This Is What New Normal Looks Like After The Pandemic

Authored by Bloomberg macro commentator Ye Xie

The biggest market news Wednesday was the steepening of the Treasury yield curve as the government boosted planned sales of long-term debt to fund a $4 trillion deficit this year.

With short-term rates possibly staying near zero for the next few years, curve steepening seems to be a natural response to more debt sales. Still, it’s hard to see how much yields can back up when the Fed is gorging on debt. Bond vigilantes are nowhere to be seen, at least for the time being.

In the stock market, the Nasdaq Composite Index outperformed the S&P 500 again. It’s more evidence that the pandemic has accelerated the pre-existing trend: lower rates for longer and the secular rise of tech companies.

For those who are looking forward to the re-opening of economies, the past Golden Week holiday in China offered a sneak peek of reality: consumer spending remains sluggish, two months after the country cut its daily new confirmed virus cases to below 100.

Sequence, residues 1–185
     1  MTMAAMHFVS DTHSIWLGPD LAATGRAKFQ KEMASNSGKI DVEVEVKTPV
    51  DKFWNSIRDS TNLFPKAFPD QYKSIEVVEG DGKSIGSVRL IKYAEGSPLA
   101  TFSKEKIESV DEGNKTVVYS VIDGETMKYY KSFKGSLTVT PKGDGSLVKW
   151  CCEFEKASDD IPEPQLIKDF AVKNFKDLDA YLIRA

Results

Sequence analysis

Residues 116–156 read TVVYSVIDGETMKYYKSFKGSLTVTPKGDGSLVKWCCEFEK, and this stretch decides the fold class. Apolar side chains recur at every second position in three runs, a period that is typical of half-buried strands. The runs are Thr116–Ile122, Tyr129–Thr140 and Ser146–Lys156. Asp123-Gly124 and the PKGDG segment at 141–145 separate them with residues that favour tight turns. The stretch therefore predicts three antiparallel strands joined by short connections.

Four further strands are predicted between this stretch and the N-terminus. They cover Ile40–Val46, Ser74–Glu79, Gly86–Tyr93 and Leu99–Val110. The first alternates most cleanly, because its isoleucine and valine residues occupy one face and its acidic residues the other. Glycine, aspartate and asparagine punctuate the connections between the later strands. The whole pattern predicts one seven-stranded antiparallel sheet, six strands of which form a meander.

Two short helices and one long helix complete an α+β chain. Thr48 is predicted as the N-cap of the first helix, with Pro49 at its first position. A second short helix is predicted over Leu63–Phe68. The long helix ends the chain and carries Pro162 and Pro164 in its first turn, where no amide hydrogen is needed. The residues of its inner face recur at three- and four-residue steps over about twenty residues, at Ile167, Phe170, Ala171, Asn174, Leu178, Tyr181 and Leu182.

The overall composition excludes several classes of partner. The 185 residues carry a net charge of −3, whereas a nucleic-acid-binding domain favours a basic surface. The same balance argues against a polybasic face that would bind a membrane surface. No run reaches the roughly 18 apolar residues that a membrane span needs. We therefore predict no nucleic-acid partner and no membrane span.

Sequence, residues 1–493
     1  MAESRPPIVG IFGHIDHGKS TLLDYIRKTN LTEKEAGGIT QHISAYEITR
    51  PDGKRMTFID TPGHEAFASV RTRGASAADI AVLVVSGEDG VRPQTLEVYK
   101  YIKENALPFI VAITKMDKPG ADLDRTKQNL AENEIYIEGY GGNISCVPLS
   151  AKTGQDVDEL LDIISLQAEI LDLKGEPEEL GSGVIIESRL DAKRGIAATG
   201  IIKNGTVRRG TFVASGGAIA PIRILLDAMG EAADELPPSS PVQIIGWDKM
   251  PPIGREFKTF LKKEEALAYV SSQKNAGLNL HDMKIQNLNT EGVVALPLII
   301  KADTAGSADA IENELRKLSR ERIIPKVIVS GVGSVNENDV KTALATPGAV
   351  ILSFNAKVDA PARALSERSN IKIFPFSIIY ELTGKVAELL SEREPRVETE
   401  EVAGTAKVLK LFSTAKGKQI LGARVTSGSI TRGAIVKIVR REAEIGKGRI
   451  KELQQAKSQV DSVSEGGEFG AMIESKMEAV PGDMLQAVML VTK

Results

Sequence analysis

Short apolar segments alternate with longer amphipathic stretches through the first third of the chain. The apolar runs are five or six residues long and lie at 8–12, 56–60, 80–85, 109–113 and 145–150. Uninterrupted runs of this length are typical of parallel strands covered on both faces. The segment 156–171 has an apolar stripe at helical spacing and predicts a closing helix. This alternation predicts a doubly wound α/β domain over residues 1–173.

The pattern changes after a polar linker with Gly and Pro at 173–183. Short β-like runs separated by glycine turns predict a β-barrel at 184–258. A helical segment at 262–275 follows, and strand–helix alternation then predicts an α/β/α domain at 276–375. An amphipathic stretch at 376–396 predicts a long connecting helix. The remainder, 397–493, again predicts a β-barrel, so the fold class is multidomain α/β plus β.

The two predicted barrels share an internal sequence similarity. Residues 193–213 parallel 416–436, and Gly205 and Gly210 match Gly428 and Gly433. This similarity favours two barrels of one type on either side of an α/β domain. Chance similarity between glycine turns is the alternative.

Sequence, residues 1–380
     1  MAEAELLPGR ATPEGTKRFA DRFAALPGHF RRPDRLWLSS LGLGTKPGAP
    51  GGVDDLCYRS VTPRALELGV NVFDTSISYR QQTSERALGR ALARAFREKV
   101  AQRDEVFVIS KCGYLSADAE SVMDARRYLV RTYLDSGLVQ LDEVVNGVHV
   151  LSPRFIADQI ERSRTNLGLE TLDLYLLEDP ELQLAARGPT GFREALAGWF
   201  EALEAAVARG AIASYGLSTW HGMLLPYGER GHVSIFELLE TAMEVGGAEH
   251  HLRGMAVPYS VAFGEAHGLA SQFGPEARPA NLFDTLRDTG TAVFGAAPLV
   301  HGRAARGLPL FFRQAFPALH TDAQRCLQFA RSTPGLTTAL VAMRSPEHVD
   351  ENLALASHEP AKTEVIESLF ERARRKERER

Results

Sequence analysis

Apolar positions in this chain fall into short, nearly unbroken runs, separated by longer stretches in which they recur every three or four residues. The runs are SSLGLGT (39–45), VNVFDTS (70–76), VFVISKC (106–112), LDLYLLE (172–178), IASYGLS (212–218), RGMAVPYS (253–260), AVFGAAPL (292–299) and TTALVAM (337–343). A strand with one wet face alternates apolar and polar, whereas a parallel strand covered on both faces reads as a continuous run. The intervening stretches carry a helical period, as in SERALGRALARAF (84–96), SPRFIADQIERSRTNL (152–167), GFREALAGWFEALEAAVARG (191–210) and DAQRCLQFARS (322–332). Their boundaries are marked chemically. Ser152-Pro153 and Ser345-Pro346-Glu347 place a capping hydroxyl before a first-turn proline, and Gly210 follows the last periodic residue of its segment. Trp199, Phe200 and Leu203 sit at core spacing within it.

During the five-day holiday, tourism revenue shrank 68% compared with last year. Among those operating restaurants, daily average revenues fell 46% below the levels at the beginning of the year, according to Nomura, citing a report from a catering industry information provider.

One silver lining is that e-commerce has flourished at the expense of brick-and-mortar shops. Sales of mobile phones, laptops and tablets at Tmall, one of China’s largest online shopping platforms, surged by 70%, 100% and 250% year-on-year, respectively, according to Nomura.

Debt, Digital and De-globalization. Welcome to the post-pandemic world.